Twenty years since his last big screen outing in Spice World (bygones be bygones), rocket man Elton John is rumoured to be making his acting comeback in Kingsman: The Golden Circle, the sequel to Matthew Vaughn’s madcap riff on the spy genre. Musicians making the leap to movies is a move often met with cynicism. Occasionally, however, the naysayers are proven wrong.
Operating in a different creative capacity, some have succeeded in defying expectation, breaking out from behind their studio polished veneer to show a different and in some cases darker side to their persona. Here are six occasions where the transition from the mic to the movies has yielded some surprisingly earnest performances.
Not content with being the singer, songwriter, guitar, bass and keyboard player in his band The White Stripes, Jack White decided to try his hand at acting in Jim Jarmusch’s 2003 compilation film Coffee and Cigarettes. White later demonstrated his laid back body language and cool demeanour in Anthony Minghella’s war epic Cold Mountain. Charming Renée Zellweger’s Ruby with his mandolin playing and warm southern vocals, White’s performance is a soothing counterpoint to the film’s moody drama. In an interview with The Guardian, White put his success in part down to the “mystique that surrounds him” – a quality that translates effortlessly in front of the camera.
Upon the release of Lars von Trier’s Dancer in the Dark, The New York Times advised: “Come to the theatre prepared, with a handkerchief in one hand and a rotten tomato in the other.” The film may have polarised opinion, but Björk was praised for her lead turn as Czech immigrant Selma Ježková, who moves to the US with her son in search of a better life. With the reality of her situation proving a lot less rosy, Selma finds escape in classic Hollywood musicals. Rumour has it Björk was so miserable during filming she ate her own cardigan. She went on to win the Best Actress award at 2000 Cannes Film Festival for her efforts, successfully turning her pain into cinema’s gain.
In his book ‘Hip Hop Matters: Politics, Pop Culture, and the Struggle for the Soul of a Movement’ S Craig Watkins remarks that, “Eminem’s ability to make his whiteness both matter and not matter is a true Houdini act,” suggesting that he used his whiteness to not only highlight outmoded racial prejudices within the hip hop scene but also undermine them through his mainstream appeal, which seemed to transcend race.
In his first acting gig, Eminem brought a raw authenticity to a semi-autobiographical film directed by Curtis Hanson. 8 Mile chronicles the turbulent rise of the young rapper, and sees Eminem draw inspiration from his working class roots to launch lyrical blows against his rap battle opponents. The provocative star also upset the Academy that year by winning the award for Best Original Song for ‘Lose Yourself’ only to swerve the ceremony itself.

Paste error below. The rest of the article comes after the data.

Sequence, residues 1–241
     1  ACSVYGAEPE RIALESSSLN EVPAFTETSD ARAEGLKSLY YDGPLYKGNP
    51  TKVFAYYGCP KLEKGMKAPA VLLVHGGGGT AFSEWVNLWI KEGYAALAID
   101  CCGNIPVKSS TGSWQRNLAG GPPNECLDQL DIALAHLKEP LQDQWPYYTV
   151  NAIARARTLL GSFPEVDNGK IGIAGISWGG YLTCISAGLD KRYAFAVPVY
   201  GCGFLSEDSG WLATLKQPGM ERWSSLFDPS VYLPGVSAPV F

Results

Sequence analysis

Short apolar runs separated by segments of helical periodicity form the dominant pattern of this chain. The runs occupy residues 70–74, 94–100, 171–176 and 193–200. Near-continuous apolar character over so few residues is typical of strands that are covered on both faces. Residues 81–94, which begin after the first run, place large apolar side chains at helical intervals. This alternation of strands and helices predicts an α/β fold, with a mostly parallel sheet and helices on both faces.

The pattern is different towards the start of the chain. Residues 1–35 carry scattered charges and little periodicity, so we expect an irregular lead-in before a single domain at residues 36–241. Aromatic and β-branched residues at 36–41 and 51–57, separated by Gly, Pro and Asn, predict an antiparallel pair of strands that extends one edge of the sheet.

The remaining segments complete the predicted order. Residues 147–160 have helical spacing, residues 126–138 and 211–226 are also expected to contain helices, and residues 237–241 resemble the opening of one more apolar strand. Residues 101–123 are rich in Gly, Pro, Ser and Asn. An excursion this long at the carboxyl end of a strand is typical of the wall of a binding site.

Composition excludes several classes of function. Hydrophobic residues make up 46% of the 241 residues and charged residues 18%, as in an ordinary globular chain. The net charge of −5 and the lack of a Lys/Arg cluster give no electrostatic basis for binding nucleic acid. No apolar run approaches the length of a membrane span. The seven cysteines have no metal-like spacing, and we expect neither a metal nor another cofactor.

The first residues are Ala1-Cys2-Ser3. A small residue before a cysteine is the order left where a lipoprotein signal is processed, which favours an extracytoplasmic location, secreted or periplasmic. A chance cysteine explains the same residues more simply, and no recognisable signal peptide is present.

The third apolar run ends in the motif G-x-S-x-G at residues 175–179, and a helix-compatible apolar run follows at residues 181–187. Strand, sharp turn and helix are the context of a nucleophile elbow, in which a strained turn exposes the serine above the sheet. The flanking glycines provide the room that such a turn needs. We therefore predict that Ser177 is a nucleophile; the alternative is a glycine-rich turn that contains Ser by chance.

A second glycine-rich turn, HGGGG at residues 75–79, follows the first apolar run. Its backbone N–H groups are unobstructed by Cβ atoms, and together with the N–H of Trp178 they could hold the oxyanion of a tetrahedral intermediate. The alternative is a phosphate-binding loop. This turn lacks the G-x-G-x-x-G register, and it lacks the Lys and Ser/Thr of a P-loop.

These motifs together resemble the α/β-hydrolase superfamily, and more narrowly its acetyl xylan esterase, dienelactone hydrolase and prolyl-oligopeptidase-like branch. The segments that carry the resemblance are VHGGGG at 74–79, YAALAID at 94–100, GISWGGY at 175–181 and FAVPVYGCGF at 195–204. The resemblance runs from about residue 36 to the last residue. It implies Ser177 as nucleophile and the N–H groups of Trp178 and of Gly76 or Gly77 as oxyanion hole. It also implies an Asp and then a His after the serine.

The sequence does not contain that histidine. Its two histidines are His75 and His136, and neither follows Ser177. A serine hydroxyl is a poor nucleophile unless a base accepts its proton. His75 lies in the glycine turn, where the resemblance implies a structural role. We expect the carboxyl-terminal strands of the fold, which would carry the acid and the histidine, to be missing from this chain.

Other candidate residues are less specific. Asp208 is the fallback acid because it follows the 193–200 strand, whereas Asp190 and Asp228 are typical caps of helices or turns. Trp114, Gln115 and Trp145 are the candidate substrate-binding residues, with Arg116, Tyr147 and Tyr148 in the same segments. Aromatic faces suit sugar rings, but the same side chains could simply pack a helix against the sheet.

Director John Singleton’s portrait of “hood” life in South Central Los Angeles launched Ice Cube’s film career in stonking fashion. In a 2011 interview with MTV, Singleton claimed he, “knew Ice Cube was a movie star before he knew he was a movie star,” and suggested that the rapper perfectly embodied the role of his character, Doughboy. Ice Cube’s nuanced performance was a physical manifestation of his rapper persona – complete with the misogynistic diatribes – and offered a tender insight into a world where paths often seem predestined and principles are the only form of empowerment.
“Grunge queen” Courtney Love is a figure famed for her untameable rockstar excesses. A popular subject of scrutiny and vitriol, Love fed off the public’s perception of her to play the bisexual stripper wife of Larry Flynt (Woody Harrelson) in Milos Forman’s biopic of the irreverent publisher of porn mag ‘Hustler’. Love captures both the essence of her character’s self-assured sleaziness and her faultless devotion to Flynt, which is tinged with a sense of fragility.
In David Fincher’s origin story of Facebook CEO Mark Zuckerberg, Justin Timberlake brought his pop-star slickness to the role of smooth talking Sean Parker, the Napster co-founder who claimed a sizeable stake in the social media network’s fledgling empire. Timberlake’s casting raised eyebrows, but his cocksure characterisation of Parker demanded that his foray into acting be taken seriously. It’s a performance that elicits the same reaction you have towards the new generation of sickeningly young app programmers – a mixture of resentment and veneration.
Published 15 Apr 2016
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Matthew Vaughn grabs the traditional spy movie by its tailored shirt and gives it a good slap.